how ‘i am not your negro’ crafts an evocative and empowering portrait of black america

There is no doubt in my mind that James Baldwin was one of the most significant writers of the 20th century, and I Am Not Your Negro serves as both a history lesson and an introduction to one of the greatest writers of the 20th century.

Raoul Peck uses an unfinished, 30 page draft of Baldwin’s to envisage the book that he never completed, translating it into film form. Using a mixture of archive footage of Baldwin and footage depicting the civil rights movement, Peck weaves together a history of blackness in America from writer’s often poetic point of view.

Focusing on three influential figures of the civil rights movement: Martin Luther King, Malcolm X and Medgar Evers (all of whom were close friends of Baldwin’s who were assassinated in the 1960s at the apex of the movement), Peck utilizes the narrative outlined by Baldwin to examine what it means – and has meant – to be black in America.

Peck draws on a variety of Baldwin’s writings, published and unpublished, to provide a narrative for I Am Not Your Negro. What’s particularly interesting is his use of Baldwin’s film criticism as the basis for representations of blackness on screen and the powerful effect that these representations can have. Clips from films like DW Griffith’s The Birth of a Nation and Harry A. Pollard’s Uncle Tom’s Cabin are overlaid with Baldwin’s commentary on the negative representation of black people in film.

While we might like to hope that racism is a problem of the past, it is astonishingly clear that this is not true. Peck highlights this by splicing archive footage of Baldwin with footage of black people being attacked, often by members of law enforcement. A clip of a woman thrown around by a police officer is shown. Everyone in the cinema visibly winces. We see photographs of lynchings, but the dehumanization of black people is not just inflicted on their bodies; their minds are affected, too. The police in America kill people nearly every day. I can’t even begin to imagine the fear that this must strike into people’s hearts and minds.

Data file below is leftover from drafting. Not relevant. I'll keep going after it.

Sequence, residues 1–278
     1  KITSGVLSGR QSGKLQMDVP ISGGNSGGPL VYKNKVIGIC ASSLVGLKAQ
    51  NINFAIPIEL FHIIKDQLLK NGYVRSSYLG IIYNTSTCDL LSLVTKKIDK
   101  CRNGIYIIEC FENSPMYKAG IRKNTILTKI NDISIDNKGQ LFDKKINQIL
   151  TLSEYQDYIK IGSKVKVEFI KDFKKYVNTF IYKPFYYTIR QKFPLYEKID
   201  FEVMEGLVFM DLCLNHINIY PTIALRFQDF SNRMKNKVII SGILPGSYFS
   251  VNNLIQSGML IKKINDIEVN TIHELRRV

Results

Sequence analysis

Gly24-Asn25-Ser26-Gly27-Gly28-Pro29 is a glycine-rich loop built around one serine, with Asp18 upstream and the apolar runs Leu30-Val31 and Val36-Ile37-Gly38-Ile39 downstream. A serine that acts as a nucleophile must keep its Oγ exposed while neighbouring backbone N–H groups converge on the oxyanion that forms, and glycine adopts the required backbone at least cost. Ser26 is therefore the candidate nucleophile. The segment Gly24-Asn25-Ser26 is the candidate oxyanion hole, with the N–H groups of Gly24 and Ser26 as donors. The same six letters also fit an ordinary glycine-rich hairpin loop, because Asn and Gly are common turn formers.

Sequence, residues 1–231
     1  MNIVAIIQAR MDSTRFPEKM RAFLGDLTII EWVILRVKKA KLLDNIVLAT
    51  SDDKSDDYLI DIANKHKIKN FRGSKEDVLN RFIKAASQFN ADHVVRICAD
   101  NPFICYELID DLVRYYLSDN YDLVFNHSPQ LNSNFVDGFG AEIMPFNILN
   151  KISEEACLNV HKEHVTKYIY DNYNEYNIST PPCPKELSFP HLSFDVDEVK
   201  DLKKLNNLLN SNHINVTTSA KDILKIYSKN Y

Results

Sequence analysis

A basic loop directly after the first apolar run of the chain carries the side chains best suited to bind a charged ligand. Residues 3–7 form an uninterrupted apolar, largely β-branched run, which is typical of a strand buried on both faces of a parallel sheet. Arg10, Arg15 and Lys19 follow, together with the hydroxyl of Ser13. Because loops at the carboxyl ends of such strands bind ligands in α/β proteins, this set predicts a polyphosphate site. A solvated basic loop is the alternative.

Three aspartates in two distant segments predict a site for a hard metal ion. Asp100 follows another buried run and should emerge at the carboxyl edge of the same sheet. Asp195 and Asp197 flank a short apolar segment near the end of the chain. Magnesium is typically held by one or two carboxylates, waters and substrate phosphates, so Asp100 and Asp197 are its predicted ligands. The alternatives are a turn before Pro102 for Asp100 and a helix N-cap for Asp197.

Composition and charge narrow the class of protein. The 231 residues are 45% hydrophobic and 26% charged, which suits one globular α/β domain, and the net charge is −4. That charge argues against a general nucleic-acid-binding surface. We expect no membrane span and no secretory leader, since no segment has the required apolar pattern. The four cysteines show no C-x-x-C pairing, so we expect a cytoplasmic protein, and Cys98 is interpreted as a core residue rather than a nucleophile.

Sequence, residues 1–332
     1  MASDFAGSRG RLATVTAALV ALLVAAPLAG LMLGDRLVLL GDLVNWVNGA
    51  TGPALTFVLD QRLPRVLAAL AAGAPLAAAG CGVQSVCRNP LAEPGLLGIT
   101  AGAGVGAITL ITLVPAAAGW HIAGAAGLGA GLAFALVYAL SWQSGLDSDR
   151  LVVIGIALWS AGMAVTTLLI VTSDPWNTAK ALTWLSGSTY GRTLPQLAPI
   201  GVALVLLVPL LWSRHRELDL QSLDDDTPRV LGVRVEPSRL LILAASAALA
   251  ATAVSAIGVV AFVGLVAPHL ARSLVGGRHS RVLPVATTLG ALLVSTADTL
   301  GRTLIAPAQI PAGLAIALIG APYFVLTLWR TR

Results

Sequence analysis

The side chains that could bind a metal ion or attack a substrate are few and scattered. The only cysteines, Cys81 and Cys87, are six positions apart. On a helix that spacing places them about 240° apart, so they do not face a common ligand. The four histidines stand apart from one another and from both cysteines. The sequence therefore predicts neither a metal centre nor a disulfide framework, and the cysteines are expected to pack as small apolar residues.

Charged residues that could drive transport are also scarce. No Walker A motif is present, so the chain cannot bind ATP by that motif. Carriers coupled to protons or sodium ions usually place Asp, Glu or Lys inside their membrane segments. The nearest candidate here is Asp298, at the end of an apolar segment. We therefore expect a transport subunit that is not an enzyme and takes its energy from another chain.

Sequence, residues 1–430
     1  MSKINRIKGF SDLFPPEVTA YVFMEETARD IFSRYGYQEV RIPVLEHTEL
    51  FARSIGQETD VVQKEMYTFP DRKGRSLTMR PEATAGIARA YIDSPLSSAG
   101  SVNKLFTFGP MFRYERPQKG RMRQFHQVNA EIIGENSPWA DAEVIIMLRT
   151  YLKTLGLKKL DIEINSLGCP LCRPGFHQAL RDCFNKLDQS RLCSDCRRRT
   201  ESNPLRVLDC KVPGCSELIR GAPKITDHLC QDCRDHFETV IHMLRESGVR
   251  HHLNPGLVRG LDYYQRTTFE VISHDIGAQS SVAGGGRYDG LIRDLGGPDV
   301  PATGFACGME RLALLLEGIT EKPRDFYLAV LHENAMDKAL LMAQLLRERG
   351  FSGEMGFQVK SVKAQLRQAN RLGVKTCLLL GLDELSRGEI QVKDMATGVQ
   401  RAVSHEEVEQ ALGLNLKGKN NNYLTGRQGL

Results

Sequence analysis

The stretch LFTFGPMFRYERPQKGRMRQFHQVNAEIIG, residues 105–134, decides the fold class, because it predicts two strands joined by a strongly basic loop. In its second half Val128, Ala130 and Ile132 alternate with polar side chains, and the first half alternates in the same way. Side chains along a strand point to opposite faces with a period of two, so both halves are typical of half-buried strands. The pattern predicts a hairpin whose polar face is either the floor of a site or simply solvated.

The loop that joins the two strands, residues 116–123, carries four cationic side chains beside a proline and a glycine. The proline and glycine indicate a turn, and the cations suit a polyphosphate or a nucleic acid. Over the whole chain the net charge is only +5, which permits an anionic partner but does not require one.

To exist as a black person in America is something that I will never experience. There are some things that cannot be shared by the mutual experience of skin, bones and blood. But I have often felt a frustration with whiteness; a frustration shared by many.

However, much greater writers than I have profiled I Am Not Your Negro in much more depth than I ever could, so I would like to speak about how I Am Not Your Negro made me feel.

As the film ended, and Kendrick Lamar’s “The Blacker The Berry” played over the credits, there was a collective exhale from the audience. And then, applause. When I stepped outside the cinema after viewing, the world felt clearer. It was a cool Glasgow evening and everything seemed intensified. I put in my headphones, and the music sounded crisp. I felt like I wanted to be kinder.

In an essay in one of Baldwin’s first books Notes of a Native Son, he writes the following: “The story of the negro in America is the story of America”.

I Am Not Your Negro, then, is not just the story of James Baldwin, or the revolutionaries that were his friends, but the story of America.

I Am Not Your Negro had its Scottish premiere at the 2017 Glasgow Film Festival. It has its UK release on April 7th.

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